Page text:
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College Physics 2e

12.6 Motion of an Object in a Viscous Fluid

College Physics 2e12.6 Motion of an Object in a Viscous Fluid

Learning Objectives

By the end of this section, you will be able to:

  • Calculate the Reynolds number for an object moving through a fluid.
  • Explain whether the Reynolds number indicates laminar or turbulent flow.
  • Describe the conditions under which an object has a terminal speed.

A moving object in a viscous fluid is equivalent to a stationary object in a flowing fluid stream. (For example, when you ride a bicycle at 10 m/s in still air, you feel the air in your face exactly as if you were stationary in a 10-m/s wind.) Flow of the stationary fluid around a moving object may be laminar, turbulent, or a combination of the two. Just as with flow in tubes, it is possible to predict when a moving object creates turbulence. We use another form of the Reynolds number NRNR, defined for an object moving in a fluid to be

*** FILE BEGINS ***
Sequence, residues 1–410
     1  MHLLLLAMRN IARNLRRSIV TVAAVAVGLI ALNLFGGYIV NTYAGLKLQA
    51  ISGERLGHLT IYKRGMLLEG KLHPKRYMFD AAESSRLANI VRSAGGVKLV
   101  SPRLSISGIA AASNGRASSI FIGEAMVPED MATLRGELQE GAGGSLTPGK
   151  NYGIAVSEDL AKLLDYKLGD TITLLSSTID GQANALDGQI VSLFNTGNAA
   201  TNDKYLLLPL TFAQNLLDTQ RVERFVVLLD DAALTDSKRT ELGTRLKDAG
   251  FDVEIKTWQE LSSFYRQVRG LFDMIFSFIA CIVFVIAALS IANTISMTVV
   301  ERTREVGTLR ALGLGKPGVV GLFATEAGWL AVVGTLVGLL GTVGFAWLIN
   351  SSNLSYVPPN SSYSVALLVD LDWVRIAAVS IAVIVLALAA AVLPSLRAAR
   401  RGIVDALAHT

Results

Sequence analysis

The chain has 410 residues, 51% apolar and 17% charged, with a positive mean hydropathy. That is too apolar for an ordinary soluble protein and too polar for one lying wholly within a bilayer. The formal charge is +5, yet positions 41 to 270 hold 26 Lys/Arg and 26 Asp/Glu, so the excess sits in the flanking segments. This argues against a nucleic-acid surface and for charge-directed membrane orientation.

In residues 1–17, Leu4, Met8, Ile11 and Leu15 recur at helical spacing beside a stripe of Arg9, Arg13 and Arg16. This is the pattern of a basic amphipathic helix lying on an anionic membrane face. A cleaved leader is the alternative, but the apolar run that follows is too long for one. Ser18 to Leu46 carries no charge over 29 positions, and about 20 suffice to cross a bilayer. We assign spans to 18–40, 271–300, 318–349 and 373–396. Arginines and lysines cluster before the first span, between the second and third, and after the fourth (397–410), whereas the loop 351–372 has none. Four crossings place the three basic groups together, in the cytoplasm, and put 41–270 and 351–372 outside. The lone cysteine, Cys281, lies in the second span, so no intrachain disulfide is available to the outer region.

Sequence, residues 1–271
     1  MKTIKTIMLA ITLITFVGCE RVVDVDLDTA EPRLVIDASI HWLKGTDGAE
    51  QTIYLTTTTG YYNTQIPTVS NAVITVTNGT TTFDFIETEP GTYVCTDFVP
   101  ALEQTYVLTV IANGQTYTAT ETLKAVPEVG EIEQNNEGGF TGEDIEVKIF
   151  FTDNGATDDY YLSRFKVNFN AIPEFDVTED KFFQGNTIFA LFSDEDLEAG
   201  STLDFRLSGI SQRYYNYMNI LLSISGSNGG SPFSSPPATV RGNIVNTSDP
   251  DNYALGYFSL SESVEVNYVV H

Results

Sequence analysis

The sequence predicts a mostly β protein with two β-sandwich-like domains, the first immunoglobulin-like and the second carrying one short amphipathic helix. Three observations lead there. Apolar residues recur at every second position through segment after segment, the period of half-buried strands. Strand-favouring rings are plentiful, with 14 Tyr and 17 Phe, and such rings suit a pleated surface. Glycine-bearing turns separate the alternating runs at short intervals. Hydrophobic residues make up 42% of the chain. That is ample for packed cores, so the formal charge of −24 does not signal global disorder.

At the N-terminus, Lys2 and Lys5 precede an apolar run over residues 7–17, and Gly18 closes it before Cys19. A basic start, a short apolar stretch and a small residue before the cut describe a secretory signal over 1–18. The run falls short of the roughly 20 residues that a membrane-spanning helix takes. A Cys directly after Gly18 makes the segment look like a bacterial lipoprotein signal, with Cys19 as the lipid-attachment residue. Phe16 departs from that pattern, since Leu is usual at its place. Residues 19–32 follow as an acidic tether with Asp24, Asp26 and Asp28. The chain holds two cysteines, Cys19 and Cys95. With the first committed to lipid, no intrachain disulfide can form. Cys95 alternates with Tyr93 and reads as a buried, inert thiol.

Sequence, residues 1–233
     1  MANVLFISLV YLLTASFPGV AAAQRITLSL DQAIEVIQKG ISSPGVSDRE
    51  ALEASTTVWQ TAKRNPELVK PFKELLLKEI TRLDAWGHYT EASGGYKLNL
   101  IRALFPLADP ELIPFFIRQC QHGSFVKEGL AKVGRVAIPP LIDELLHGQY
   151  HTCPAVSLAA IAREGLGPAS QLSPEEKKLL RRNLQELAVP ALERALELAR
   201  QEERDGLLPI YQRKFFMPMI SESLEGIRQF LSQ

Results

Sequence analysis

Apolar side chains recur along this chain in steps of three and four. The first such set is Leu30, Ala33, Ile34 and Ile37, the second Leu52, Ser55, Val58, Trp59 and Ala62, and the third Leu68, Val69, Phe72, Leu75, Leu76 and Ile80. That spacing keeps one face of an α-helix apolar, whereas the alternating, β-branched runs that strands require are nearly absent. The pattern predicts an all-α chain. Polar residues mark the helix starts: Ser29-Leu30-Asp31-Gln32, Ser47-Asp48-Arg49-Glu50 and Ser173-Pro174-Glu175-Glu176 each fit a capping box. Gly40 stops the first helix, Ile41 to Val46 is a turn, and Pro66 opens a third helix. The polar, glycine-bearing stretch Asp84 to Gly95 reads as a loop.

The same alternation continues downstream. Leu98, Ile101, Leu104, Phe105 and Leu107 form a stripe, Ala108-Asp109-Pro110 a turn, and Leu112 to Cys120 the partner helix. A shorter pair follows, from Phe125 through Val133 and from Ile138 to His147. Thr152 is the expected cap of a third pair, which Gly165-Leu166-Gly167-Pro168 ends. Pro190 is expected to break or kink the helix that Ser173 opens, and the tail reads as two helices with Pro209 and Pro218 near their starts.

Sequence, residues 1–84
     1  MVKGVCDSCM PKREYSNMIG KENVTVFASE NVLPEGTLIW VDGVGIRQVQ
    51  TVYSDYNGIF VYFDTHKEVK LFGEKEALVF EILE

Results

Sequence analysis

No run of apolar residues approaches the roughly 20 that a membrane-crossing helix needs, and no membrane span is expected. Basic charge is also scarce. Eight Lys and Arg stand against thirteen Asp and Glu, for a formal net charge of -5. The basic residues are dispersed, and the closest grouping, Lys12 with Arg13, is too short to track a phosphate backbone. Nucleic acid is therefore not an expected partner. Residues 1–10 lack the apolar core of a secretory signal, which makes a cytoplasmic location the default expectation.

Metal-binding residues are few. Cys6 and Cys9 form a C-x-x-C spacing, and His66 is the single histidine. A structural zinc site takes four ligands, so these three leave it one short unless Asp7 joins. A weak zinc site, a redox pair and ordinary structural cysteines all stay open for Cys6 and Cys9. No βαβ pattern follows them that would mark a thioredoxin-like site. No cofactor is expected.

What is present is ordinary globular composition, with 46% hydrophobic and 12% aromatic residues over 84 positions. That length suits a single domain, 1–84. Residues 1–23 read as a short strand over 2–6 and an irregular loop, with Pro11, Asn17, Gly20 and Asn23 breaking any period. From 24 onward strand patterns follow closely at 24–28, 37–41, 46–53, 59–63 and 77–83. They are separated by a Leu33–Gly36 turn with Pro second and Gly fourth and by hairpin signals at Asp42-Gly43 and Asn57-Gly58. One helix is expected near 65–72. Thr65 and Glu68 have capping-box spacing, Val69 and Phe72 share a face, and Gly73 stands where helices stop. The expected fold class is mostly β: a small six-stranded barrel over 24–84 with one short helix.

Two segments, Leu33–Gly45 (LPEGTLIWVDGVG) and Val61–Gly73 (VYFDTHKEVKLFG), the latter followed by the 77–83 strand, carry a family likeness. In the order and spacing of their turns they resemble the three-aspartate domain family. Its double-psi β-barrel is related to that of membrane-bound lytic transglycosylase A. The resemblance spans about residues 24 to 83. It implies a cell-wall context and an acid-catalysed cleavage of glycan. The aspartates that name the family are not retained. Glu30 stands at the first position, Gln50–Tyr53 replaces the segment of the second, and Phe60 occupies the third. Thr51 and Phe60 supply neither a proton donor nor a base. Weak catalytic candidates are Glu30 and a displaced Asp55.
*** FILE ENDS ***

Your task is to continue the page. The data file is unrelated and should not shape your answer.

NR=ρvLη(object in fluid), NR=ρvLη(object in fluid),

where LL is a characteristic length of the object (a sphere’s diameter, for example), ρρ the fluid density, ηη its viscosity, and vv the object’s speed in the fluid. If NRNR is less than about 1, flow around the object can be laminar, particularly if the object has a smooth shape. The transition to turbulent flow occurs for NRNR between 1 and about 10, depending on surface roughness and so on. Depending on the surface, there can be a turbulent wake behind the object with some laminar flow over its surface. For an NRNR between 10 and 106106, the flow may be either laminar or turbulent and may oscillate between the two. For NRNR greater than about 106106, the flow is entirely turbulent, even at the surface of the object. (See Figure 12.18.) Laminar flow occurs mostly when the objects in the fluid are small, such as raindrops, pollen, and blood cells in plasma.

Example 12.10

Does a Ball Have a Turbulent Wake?

Calculate the Reynolds number NRNR for a ball with a 7.40-cm diameter thrown at 40.0 m/s.


We can use NR=ρvLηNR=ρvLη to calculate NRNR, since all values in it are either given or can be found in tables of density and viscosity.


Substituting values into the equation for NRNR yields

NR = ρvLη =(1.29 kg/m3 )(40.0 m/s) (0.0740 m)1.81×1051.00 Pas = 2.11× 10 5 . NR = ρvLη =(1.29 kg/m3 )(40.0 m/s) (0.0740 m)1.81×1051.00 Pas = 2.11× 10 5 .


This value is sufficiently high to imply a turbulent wake. Most large objects, such as airplanes and sailboats, create significant turbulence as they move. As noted before, the Bernoulli principle gives only qualitatively-correct results in such situations.